In a letter sent on Monday, lawyers acting on behalf of the families, wrote: “In the absence of any reasonable, transparent and full explanation why you cannot, we expect you to write to the prime minister within one month with a date for publication, which should be by the end of the year.”
“By your own admission, now Maxwellization is over, there is nothing to prevent you doing this. If you fail to do so, we will continue with our legal challenge.”
The group had previously given Chilcot a deadline, which expired in August, to complete so-called Maxwellization, a process which allows witnesses to respond to the report’s claims before publication. The move was put on hold after Chilcot wrote to the Foreign Affairs committee last week claiming the process was complete.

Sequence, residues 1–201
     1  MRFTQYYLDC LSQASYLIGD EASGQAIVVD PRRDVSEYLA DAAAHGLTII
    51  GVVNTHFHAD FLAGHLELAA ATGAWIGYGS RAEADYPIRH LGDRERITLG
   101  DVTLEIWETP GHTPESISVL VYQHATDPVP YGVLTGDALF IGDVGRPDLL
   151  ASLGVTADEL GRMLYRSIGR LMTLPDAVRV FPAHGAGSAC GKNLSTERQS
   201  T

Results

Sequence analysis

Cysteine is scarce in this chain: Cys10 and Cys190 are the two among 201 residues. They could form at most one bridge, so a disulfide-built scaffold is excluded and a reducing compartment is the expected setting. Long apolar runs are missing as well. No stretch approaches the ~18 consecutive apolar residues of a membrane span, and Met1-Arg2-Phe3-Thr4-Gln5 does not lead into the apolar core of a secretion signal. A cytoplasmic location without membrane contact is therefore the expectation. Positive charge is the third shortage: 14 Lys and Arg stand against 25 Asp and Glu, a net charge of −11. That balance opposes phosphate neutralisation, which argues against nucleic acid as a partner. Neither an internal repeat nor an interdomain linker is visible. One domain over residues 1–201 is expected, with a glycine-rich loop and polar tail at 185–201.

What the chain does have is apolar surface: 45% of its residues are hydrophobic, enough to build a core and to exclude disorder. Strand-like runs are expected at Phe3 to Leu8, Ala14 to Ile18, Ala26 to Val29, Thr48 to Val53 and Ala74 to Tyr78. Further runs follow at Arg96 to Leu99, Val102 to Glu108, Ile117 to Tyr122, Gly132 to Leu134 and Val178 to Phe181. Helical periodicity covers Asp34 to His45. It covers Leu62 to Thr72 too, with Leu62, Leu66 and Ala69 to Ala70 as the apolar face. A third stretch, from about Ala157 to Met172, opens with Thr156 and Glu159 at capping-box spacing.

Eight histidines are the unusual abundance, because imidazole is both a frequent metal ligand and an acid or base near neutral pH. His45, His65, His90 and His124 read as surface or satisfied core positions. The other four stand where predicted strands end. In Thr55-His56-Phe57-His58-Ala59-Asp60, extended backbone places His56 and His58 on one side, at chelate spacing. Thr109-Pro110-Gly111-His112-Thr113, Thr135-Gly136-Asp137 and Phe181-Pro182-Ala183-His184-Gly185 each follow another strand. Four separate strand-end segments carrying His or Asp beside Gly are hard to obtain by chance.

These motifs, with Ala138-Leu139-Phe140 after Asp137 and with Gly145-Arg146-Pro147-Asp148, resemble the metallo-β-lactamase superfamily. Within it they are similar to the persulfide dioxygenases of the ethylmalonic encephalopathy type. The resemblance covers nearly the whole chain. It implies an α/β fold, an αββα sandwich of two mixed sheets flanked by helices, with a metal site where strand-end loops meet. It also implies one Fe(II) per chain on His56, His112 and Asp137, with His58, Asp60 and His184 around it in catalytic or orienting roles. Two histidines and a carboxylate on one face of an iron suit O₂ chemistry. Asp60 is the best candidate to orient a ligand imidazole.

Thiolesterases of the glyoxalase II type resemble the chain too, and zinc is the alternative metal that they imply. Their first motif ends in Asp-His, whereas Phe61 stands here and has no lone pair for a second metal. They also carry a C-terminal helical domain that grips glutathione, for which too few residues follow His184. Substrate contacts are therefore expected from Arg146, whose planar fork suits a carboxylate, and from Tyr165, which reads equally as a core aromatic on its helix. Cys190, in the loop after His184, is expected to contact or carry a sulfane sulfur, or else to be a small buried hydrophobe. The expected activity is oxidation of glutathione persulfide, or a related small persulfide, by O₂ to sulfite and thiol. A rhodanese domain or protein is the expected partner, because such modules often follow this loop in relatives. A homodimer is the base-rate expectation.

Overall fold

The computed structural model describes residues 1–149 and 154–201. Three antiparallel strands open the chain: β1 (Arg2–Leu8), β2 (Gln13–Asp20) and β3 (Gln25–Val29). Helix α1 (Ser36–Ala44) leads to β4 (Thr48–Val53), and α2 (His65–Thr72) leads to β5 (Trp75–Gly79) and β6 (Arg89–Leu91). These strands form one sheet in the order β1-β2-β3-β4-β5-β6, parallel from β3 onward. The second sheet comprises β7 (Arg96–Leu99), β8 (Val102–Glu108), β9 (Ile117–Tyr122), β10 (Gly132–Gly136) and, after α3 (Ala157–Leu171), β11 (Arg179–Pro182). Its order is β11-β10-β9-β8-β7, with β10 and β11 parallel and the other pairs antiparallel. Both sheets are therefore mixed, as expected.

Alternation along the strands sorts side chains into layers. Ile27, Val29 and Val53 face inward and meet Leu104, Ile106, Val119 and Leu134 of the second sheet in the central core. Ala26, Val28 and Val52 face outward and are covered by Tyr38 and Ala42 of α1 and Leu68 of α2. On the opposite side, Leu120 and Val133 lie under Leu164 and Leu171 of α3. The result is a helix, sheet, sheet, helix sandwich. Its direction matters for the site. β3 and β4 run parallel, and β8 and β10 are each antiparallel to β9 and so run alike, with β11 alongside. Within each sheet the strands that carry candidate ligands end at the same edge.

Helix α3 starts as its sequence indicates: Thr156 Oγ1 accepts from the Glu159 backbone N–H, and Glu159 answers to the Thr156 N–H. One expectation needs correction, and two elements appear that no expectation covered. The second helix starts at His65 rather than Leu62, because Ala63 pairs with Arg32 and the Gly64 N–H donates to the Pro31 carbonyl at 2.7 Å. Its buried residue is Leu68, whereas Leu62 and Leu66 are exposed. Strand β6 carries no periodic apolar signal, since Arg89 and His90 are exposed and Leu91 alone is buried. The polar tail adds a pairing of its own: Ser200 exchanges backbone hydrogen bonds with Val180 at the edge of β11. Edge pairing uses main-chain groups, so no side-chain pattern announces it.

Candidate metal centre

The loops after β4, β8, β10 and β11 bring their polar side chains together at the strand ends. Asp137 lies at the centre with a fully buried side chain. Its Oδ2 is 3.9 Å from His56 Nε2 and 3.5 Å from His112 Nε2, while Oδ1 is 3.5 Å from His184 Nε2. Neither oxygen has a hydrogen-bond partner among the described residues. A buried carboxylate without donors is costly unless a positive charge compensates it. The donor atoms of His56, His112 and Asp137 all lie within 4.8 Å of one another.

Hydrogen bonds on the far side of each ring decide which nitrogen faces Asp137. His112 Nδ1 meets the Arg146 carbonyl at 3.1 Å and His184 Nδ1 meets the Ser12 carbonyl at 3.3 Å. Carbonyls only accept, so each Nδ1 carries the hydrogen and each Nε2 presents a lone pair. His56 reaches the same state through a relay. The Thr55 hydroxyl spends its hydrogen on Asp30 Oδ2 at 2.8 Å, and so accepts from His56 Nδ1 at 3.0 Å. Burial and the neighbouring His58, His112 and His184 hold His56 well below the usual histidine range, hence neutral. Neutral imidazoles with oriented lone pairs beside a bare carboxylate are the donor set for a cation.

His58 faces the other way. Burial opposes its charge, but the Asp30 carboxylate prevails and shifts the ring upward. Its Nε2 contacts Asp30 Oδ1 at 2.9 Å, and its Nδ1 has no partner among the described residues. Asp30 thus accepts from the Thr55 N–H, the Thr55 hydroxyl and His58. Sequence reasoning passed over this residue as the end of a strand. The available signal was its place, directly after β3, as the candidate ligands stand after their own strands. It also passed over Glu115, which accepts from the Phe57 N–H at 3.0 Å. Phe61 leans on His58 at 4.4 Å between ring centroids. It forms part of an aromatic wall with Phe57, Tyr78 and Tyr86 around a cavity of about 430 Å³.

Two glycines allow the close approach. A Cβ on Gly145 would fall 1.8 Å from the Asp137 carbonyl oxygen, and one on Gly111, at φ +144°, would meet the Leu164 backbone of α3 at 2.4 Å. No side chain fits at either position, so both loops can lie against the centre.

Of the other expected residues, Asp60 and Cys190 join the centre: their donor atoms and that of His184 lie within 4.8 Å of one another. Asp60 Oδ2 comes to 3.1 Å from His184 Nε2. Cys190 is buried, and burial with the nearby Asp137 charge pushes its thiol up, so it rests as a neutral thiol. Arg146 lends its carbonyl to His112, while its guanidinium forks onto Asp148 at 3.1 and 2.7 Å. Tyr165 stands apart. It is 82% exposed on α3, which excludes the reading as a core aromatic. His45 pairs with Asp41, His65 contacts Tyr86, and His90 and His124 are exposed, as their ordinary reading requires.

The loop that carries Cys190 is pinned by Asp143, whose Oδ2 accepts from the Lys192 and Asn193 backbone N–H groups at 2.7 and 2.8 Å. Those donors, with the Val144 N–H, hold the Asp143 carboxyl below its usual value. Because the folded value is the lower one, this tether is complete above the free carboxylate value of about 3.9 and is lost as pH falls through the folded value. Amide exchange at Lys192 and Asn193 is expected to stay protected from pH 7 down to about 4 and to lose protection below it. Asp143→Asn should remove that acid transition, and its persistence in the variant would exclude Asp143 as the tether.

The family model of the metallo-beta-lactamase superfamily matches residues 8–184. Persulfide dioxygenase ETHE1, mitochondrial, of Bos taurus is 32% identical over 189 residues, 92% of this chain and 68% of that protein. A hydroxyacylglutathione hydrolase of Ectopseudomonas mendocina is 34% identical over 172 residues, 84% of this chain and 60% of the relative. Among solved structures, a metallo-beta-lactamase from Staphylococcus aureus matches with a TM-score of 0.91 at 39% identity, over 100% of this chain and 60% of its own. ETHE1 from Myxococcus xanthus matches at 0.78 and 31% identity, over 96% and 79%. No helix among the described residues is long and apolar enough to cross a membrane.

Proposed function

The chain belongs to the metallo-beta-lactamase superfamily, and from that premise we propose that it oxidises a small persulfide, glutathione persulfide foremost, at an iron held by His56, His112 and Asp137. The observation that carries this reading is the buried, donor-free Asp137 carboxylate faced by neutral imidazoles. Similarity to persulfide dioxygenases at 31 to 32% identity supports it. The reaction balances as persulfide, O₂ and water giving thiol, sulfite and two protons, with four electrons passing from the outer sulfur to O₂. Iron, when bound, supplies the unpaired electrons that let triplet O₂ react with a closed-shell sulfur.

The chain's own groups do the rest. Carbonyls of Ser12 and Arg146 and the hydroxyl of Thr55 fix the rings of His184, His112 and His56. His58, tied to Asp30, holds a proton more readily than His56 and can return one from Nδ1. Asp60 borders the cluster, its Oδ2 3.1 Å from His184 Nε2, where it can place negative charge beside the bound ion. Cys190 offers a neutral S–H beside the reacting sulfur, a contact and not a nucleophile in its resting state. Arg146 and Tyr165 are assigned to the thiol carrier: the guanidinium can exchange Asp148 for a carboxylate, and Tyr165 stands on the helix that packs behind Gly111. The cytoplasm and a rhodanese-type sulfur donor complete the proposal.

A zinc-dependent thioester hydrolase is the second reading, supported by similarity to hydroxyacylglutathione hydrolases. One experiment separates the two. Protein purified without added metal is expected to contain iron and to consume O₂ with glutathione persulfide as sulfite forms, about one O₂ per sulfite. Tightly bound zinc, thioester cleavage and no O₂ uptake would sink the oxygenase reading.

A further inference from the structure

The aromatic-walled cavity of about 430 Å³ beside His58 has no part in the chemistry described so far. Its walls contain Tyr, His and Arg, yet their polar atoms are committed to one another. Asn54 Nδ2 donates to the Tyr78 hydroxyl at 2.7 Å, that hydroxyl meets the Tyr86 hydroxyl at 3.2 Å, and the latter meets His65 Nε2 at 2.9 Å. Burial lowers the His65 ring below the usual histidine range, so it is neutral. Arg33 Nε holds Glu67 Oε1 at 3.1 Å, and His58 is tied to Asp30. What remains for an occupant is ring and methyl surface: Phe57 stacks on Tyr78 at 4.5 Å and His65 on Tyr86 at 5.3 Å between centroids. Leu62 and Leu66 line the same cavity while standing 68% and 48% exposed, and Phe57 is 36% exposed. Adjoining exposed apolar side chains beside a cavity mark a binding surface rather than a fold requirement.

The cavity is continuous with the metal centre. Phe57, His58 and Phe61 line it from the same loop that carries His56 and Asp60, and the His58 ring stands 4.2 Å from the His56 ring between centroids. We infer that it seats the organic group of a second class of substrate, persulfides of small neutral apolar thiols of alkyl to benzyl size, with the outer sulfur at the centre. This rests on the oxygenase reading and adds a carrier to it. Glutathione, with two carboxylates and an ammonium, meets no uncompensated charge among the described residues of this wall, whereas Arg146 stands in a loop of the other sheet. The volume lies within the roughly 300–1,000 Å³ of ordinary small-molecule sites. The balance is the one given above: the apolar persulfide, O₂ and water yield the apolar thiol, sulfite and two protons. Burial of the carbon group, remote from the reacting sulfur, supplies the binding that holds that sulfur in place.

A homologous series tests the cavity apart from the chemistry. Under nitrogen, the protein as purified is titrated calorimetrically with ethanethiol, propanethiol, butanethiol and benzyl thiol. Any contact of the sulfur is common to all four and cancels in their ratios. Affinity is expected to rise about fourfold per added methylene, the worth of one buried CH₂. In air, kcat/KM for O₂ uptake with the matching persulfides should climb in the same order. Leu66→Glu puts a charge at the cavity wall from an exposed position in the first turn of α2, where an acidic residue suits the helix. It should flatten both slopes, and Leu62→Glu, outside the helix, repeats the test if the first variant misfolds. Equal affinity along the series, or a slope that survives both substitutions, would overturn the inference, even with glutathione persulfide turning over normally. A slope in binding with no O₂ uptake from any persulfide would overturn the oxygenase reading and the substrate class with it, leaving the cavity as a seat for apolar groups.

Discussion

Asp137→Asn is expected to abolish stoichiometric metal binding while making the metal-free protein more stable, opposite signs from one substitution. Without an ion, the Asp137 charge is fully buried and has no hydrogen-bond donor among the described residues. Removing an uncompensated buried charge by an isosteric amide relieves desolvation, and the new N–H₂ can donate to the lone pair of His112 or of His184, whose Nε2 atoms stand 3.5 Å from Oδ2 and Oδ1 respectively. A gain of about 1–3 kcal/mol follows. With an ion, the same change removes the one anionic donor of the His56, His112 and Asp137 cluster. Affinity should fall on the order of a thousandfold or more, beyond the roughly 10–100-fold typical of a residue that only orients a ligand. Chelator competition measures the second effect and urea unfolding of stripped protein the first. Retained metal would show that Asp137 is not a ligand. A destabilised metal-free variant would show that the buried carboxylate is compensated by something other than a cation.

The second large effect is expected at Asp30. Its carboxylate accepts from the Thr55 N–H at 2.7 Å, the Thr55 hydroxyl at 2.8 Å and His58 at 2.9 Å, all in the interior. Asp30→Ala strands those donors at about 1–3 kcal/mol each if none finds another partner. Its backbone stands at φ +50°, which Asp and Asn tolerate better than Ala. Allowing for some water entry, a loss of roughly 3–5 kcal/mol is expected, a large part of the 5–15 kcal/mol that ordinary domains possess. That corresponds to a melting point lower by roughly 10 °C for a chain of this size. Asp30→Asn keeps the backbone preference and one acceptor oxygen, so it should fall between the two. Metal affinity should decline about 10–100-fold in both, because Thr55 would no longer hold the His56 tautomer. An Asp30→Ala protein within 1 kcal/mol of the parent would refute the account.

He is yet to announce a publication date.
The families say individuals who have faced criticism in the report over their involvement in the war “have seen their careers flourish while our own lives have been ruined.”
“It is with regret that we must tell you that such hypocrisy is astonishing. Instead of due care and concern, we feel you have treated us with contempt,” the letter reads.
Chilcot began work on the Inquiry, which is said to have cost taxpayers some £10 million (US$15.4 million), in 2009.